Professional Community for Automotive Marketers, Car Dealers, OEM and Suppliers
Do you have a flat ad spend budget? Did your PPC provider "provide" you with a flat spend allocation? Do they tell you that has no effect, so a constant amount is okay? Or did they merely tilt it a little so that it distributes on a linear line? Is it really, however, a rising sawtooth? Or at least a spend that targets the buying cycle, which is usually the last third of the month? And does your PPC provider account for any of that?
I'd like to hear from you on this in this thread, including vendors who'd like to speak out about it w/o making a commercial out of the post.
Keith, I just jumped onboard with FordDirect SEM. It's only been two weeks, but I am just finding out how much control I don't have over the whole Ford SEM program. I have a flat spend allocation. I have no idea what the click graph would look like, because they do not supply you with any reporting tools. Also they do not tell you what words you are paying for or how much you would be paying for them. Thanks for bringing up key PPC practices to look for. At this point, there is no accountability for any cost involved.
I am the in-house person who needs to learn and understand PPC but if I cannot have access or input to keywords, the learning curve has just hit a wall. BTW, Ford co-ops the SEM and that was the determining factor to using their service.
Interesting Bill, for a larger agency in the past I've provided all my Ford dealers with the 'Approved' kw list and a screenshot of an ad running as was part of co-op submission as general practice.
Personally I dont think providing transparency gives away any 'secret sauce', it is the service that you are paying for.
Keith, I've tried everything.
We spend just under a million a year for the Eagle Group. The best plays are consistency and a 90 day plan that you revisit on a monthly basis--with earthquakes, stop sales and additional inventory driving your adjustments.
Google allows you to set a daily spend, but my efforts to change campaigns on a daily basis didn't make a difference bc it took to long to respond. However, you can move money between campaigns on a month-to-month basis and see a difference. Example: 50-50 new/used allocation to 30-70 new/used allocation.
Anything I've done that tries to time pay days, holiday weekends, or end of month just doesn't play in the world the Google created.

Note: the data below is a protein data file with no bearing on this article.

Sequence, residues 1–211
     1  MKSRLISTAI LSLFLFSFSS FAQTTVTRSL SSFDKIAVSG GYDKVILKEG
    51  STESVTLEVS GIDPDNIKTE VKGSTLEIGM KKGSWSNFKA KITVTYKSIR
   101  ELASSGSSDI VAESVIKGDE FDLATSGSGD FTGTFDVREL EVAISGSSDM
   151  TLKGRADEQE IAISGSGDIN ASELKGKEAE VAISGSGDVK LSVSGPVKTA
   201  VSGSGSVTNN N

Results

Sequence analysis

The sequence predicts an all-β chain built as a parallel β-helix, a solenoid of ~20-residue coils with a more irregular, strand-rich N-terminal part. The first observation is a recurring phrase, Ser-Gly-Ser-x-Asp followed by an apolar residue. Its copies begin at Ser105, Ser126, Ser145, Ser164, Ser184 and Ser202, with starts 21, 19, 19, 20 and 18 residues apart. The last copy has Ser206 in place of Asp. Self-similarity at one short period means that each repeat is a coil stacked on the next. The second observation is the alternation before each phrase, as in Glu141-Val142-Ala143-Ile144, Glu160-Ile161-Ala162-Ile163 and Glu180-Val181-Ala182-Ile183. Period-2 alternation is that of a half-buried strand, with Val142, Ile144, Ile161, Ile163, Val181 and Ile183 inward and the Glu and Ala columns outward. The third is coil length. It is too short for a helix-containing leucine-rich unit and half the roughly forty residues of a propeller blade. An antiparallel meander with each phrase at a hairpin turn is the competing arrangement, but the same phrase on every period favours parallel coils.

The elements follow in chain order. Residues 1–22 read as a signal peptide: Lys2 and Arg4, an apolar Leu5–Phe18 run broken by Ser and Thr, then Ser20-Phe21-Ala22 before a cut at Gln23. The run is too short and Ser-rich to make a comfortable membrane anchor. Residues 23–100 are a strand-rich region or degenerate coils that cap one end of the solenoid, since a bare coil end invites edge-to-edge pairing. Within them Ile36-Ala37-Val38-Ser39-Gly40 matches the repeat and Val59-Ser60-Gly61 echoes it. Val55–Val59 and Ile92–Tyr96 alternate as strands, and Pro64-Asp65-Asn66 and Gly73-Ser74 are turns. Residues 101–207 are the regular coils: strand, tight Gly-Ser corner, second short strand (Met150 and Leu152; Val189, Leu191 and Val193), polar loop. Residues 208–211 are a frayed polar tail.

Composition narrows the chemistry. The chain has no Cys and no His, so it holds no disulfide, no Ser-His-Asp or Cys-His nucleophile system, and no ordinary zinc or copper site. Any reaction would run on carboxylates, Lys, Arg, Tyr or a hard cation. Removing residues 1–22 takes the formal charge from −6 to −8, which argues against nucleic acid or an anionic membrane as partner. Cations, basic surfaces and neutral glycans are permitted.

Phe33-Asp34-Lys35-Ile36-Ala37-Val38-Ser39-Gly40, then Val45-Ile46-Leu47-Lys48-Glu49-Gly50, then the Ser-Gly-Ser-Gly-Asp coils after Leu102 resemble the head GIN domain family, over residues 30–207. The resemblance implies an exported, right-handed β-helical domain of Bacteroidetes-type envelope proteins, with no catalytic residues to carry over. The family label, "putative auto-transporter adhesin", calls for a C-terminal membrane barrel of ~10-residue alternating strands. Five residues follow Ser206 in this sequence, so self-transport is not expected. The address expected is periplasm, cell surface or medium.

That's my 2 cents! :)
Thanks Jim! That's very interesting. What that means to me is that there is something not clear about the way that clicks lead to sales. I made a list of the variables I can see for ad conversion to a click:
text ad title
the offer present in the ad
current market draw of the make/model in the ad in the target geo
program of effective adwords
competition for the adwords
ad budget and allocation
Outer variables would be:
typical make/model cycles
national OEM periodic marketing "cover fire"
national opposing OEM conquest efforts
national traditional media cycles and endorsements
For the conversion/landing pages, I listed success factors of click-to-contact:
compelling, ad-amplifying content (header matches text ad)
any inventory presented is same make/model, diff trim/color
phone number is prominent and trackable
email is prominent and trackable
form is available and trackable
chat is available, trackable, and effective
And what did I miss?
Keith, that's a great list.
In a previous role I worked with a team of Rice MBA's in an effort to determine the best predictor of car sales. We ran every leading economic factor, stock prices and many things you listed into a 20 year history of sales. So some of this was even before Al Gore invented the internet. :)
The strongest predictor didn't involve incentive dollars, inventory levels or even advertising. For what it's worth housing starts turned out to be the leading predictor in the research we did.